In social psychology, the fundamental attribution error (also known as correspondence bias or attribution effect) describes the tendency to over-value dispositional or personality-based explanations for the observed behaviors of others while under-valuing situational explanations for those behaviors.
How often have you heard someone (yourself?) decrying another's behaviour in terms like these: 'they're greedy', 'stupid', 'selfish', 'just downright bloodyminded...'
Stop. What you are hearing, or saying, is an example of the Fundamental Attribution Error. This is the perfect example of social scientists' ability to come up with a really powerful, useful concept and then disguise it in impenetrable jargon.
The actor-observer effect (Jones & Nisbett, 1972) is an extension of the fundamental attribution error; it adds the premise that individuals attribute their own actions more to situational than to dispositional influences. Evidence from the other contexts (Chen, Yates, & McGinnies, 1988) suggests this tendency might be moderated in conditions that are very salient in commons dilemmas.
In judging the cause of someone's actions, the correspondence bias refers to the common error of overestimating the influence of the person's disposition and underestimating the impact of the situation (Gilbert & Malone, 1995). This tendency is so pervasive that it is also referred to as the fundamental attribution error (Ross, 1977).
If entrepreneurs were logical, their explanations of their own venture's failure should coincide with their explanations of all other venture failures. However, following attribution theory, they are likely to commit the fundamental attribution error(Fiske and Taylor 1991). So when discussing their own ventures, entrepreneurs will be more likely to name external factors as the cause of the failure.
Yet, the strength of this so-called fundamental attribution error has been challenged by J. M. Burger (1991), who showed that this bias disappeared over time. But does time cause an attribution shift when the other's behavior is negative and hedonically relevant to the observer (e.g., the former is attacked by the latter)? In an exploratory study, the authors showed that even in this case, attributions to dispositional variables tended to diminish over time.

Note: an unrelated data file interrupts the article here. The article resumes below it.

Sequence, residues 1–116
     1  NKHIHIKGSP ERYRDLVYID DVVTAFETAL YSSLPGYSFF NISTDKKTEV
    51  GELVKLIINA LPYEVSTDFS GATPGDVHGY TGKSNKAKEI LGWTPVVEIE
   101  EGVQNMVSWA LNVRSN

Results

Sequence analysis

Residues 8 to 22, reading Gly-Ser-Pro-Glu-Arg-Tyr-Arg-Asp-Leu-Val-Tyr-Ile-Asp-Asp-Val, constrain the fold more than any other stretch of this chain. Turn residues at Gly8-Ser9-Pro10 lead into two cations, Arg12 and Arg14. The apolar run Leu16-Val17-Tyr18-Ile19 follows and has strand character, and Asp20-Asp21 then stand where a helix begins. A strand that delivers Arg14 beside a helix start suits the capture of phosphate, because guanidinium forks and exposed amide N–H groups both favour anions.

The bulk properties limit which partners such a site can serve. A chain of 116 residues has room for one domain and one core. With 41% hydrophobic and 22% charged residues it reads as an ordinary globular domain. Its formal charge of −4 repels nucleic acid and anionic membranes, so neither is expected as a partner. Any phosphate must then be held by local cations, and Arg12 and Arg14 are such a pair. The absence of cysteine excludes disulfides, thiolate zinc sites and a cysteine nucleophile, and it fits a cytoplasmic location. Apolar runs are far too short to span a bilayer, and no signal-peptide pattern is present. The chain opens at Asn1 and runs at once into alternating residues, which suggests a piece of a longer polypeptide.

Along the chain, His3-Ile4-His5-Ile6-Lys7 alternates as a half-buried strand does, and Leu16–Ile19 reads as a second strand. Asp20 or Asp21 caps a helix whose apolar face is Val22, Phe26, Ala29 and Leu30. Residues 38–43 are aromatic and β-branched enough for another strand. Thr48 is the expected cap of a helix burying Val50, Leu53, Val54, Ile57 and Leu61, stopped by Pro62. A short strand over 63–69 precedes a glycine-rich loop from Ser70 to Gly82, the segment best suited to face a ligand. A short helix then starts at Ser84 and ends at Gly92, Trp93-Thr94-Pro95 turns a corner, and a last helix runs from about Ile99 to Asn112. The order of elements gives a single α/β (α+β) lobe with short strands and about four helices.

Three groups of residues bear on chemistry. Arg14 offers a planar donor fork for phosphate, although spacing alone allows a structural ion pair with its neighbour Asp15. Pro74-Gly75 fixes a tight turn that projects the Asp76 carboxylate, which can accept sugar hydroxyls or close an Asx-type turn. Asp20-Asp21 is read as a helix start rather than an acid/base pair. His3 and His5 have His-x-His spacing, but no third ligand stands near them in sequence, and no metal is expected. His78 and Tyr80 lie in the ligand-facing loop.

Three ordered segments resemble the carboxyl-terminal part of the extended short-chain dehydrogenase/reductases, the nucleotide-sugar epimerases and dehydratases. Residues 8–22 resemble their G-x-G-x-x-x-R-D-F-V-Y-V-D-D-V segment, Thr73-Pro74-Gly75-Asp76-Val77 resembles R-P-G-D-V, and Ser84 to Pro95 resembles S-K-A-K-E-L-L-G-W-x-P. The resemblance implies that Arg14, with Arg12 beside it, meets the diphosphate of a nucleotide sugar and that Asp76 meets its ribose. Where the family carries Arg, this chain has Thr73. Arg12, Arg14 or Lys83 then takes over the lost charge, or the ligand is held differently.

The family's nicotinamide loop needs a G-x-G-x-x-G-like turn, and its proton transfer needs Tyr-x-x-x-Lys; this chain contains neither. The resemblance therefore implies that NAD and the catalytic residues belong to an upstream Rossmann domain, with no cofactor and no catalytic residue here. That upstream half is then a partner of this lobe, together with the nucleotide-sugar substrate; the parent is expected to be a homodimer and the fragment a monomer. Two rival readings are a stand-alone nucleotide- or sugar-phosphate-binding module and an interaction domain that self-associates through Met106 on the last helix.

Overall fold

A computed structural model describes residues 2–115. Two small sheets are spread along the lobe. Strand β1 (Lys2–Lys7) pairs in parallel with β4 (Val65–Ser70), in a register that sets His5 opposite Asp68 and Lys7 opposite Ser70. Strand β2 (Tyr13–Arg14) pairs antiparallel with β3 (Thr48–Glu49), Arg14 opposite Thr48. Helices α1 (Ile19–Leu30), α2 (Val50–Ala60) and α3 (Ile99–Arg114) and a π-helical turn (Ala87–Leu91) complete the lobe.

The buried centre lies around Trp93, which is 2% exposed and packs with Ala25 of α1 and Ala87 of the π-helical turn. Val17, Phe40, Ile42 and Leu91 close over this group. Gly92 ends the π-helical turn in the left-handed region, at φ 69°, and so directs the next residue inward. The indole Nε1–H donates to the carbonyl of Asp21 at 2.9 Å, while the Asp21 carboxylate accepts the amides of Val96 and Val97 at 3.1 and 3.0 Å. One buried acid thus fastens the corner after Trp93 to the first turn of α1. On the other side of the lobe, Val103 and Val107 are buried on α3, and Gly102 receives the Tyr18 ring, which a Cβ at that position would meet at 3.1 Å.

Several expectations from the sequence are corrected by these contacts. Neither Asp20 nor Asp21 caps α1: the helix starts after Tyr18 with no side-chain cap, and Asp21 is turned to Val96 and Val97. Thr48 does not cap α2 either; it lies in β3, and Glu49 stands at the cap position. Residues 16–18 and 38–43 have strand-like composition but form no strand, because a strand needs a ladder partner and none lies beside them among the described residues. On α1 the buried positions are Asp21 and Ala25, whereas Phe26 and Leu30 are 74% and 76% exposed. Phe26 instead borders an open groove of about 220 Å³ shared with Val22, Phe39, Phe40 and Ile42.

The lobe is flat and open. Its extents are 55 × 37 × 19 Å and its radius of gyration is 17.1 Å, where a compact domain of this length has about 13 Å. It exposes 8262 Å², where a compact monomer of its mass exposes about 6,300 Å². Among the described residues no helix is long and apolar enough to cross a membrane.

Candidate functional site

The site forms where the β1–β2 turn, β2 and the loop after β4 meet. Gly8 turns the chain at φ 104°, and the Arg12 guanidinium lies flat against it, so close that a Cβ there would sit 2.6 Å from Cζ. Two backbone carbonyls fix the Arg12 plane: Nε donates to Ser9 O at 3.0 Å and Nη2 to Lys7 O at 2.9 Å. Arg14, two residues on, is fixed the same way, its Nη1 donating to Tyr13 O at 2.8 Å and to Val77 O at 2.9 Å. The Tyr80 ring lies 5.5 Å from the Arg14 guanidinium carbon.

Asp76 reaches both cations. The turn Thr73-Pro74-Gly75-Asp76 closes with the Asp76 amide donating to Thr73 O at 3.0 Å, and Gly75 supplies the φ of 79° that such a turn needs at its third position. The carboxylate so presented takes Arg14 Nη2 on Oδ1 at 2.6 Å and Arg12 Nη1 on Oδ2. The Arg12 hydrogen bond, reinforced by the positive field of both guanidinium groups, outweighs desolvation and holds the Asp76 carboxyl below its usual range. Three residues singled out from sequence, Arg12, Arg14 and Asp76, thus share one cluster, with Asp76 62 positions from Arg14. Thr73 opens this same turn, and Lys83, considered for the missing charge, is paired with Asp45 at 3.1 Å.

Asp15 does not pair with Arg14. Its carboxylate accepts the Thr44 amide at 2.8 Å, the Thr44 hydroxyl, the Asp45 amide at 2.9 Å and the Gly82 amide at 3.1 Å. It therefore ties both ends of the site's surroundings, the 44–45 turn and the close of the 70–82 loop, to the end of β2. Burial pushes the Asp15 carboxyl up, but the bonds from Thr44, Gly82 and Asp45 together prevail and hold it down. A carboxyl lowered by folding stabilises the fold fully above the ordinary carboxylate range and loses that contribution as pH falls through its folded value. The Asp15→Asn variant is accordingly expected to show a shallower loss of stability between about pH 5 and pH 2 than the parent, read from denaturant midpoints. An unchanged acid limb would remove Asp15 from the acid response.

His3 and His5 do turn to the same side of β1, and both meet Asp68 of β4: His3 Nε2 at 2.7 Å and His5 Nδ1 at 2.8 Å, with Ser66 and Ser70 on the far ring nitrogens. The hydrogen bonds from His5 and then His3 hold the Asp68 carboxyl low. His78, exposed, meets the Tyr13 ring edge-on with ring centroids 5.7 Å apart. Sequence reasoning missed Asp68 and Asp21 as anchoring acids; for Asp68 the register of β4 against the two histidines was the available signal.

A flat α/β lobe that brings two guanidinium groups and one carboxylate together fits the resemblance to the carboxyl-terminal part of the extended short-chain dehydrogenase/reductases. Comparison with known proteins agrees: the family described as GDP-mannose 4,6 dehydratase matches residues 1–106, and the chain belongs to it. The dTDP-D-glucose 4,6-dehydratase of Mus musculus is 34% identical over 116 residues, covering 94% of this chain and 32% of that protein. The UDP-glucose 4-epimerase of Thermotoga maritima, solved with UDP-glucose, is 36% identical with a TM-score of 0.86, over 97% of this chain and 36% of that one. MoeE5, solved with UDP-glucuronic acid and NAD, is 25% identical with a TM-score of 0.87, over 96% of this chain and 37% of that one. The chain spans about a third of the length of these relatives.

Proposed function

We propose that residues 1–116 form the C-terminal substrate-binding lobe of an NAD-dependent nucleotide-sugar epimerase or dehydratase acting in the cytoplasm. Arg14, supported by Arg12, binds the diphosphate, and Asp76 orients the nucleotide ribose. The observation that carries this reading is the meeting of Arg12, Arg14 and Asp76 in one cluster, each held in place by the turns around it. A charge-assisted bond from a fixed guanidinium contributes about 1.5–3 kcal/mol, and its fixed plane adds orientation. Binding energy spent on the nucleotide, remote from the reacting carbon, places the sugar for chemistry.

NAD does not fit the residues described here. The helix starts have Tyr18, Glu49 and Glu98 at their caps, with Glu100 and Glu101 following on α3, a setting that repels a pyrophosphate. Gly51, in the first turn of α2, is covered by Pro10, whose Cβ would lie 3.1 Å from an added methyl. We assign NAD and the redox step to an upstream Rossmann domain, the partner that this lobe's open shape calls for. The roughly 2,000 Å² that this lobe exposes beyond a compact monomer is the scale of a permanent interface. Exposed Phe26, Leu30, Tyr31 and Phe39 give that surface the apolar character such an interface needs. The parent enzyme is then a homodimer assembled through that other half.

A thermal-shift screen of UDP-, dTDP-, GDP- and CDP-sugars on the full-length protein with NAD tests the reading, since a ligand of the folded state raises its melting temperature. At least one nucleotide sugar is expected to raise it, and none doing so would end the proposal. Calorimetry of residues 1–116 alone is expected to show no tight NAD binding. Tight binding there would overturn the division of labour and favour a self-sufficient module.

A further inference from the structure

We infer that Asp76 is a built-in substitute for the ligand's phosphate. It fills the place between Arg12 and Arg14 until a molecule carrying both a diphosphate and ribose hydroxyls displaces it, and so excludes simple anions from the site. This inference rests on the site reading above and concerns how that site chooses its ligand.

These displays of anger were evaluated based on the extent to which they were aggressive (e.g., Distributive or Passive) or assertive (e.g., Integrative). Consistent with the fundamental attribution error, students assigned internal attributions to teachers who used Distributive Aggression (e.g., yell and scream) and Passive-Aggression (e.g., show anger with cold looks) to a greater extent than teachers who were Assertive (i.e., calmly discuss the problem, with the students).
That is, how stable is the fundamental attribution error over time? The question of temporal effects on attributions is an important one because most of the areas to which attribution theory has been applied (such depression, relationships, and achievement) concern events that take place over what is often a considerable period of time. Beyond this, there are many reasons to suspect that the strength of the fundamental attribution error might change over time.
One of the earliest explanations for why people consistently make this perceptual error is the argument, drawing on principles from Gestalt psychology, that behaviour engulfs the field (Heider, 1958). When we are engaged in interaction with another person it is that person's behaviour which becomes dominant in our perception (the 'figure' is dominant against the situational 'ground'). Accordingly, the observer will underestimate the effect of the situation (or 'ground') because of their focus on the person (or 'figure').
The fundamental attribution error is the tendency to overestimate the influence of dispositional or internal attributions of a person when explaining or attempting to change behavior, and to underestimate the impact of the actual situation or other environmental factors (Alcock, Garment, & Sadava, 1991; Ross, 1977). Stated another way, the fundamental attribution erroris a person's inflated belief in personal factors when explaining behavior (whether it is one's own behavior or the behavior of others), together with the failure to recognize social and external variables (Ross & Nisbett, 1991).
A classic example of this error was observed by Jones and Harris (1967). They found that young adults made attributions about an actor's attitude based on the content of a class essay written by the actor even when it was clear that the viewpoint expressed in the essay was selected by the instructor and not by the actor. In a subsequent experiment, Jones and Harris found that even having the experimental participants write an assigned (no-choice) essay themselves did not significantly attenuate their trait attributions for others who had performed the same kind of task.